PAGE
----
Bored

Finding your niche in life is important. Creating a comfortable place where you belong allows you to feel safe and secure, and often the niche we find ourselves in becomes a cozy groove. However – sometimes that groove starts to feel like a rut. You realize that all your days are starting to resemble one another. You work at the same job, talk with the same people, drive the same streets and eat the same food. You don’t want to sound like a whiney 5-year-old, but… you’re bored.

You aren’t unhappy with your groove; in fact, you created it – but if you aren’t careful, your groove can turn into a rut. All that sameness can be stale and uninspiring, and a rut is just one step away from a grave. Are you feeling stuck in a rut? Find ways to introduce new experiences in your life so that your groove makes you feel like singing instead of being stuck. Here’s how.

  1. First, accept responsibility for your rut and your life in general. You put yourself there – and therefore you also have the power to get yourself out. Blaming other people for your current situation is just a way of passing the buck. Take responsibility for your actions past, present and future.
  2. List ten things you are grateful for every morning. You know those minutes when you are lying in bed, about to get up, but are relishing just a few more moments of horizontal peace? Use this time to name ten things you are grateful for, from your cushy pillows to your sleeping dog, the sunny day outside to your ability to wake up and go to work. Being bored with your life is a first world problem; learn to appreciate what you have.
  3. Visualize a new life. What is making you feel stuck? Is it your job, your living environment, your friends or your hobbies? Take some time to thoroughly visualize the life you think you want (it may help to write down or draw what you are imagining). Is this new life everything you think you want? Try to determine if you are really unhappy with your current condition – or just unhappy with the sameness of it. It doesn’t make sense to leave one groove for another one that you will enjoy even less.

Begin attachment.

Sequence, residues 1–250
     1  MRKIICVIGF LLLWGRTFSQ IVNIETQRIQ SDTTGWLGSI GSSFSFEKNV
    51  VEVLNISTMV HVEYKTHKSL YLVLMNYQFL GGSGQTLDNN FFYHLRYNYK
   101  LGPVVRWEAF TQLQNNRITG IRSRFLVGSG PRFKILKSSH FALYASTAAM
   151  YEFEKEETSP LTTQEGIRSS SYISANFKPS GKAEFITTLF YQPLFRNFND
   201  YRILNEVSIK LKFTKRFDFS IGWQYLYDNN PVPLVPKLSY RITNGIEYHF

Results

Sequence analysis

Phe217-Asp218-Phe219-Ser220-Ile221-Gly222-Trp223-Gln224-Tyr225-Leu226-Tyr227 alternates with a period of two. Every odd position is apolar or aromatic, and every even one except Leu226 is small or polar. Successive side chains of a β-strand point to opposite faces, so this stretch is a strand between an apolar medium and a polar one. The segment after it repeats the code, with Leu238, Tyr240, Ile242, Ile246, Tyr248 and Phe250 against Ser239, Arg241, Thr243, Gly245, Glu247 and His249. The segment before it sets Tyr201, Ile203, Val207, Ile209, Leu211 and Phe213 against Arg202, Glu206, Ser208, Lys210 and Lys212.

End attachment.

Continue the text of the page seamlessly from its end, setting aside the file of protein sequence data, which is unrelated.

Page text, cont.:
4. Find a new hobby. It takes guts to admit that the pastimes you once had great passion for no longer float your boat – especially if they involve your social circle’s expectations. While you don’t want to let down your friends who are counting on you to attend the Fifteenth Annual Chili Camping Cook-Off, life is much too short to go through the motions and pretend that you still enjoy doing things that you no longer do. Find ways to try out new passions and hobbies to see if they fit. Take a Thai cooking class, sign up for a rock-climbing afternoon or join a pick-up game of dodge ball at the park.
  5. Plan (and carry out) adventures great and small. Trips to destinations unknown are an excellent way to knock your conscious into gear with a big dose of new sights, smells, tastes, textures and sounds. But since we can’t all jet off to France every weekend, be sure to also create small adventures for yourself. Make the effort to try out that new ethnic restaurant, visit a local park that you’ve never been to, read a book from a viewpoint you disagree with or dive into researching a subject that has always interested you. Even driving a different route to the office can infuse your day with new sights and sounds.
  6. Play. Act like a kid to shake off your rut. Spend a day at the amusement park, make a mud pie in your yard or take the afternoon off and go to the beach. Getting in touch with your playful side will help to clear your mind so that you can determine if your rut requires action or acceptance.

Image: Angelo Gonzalez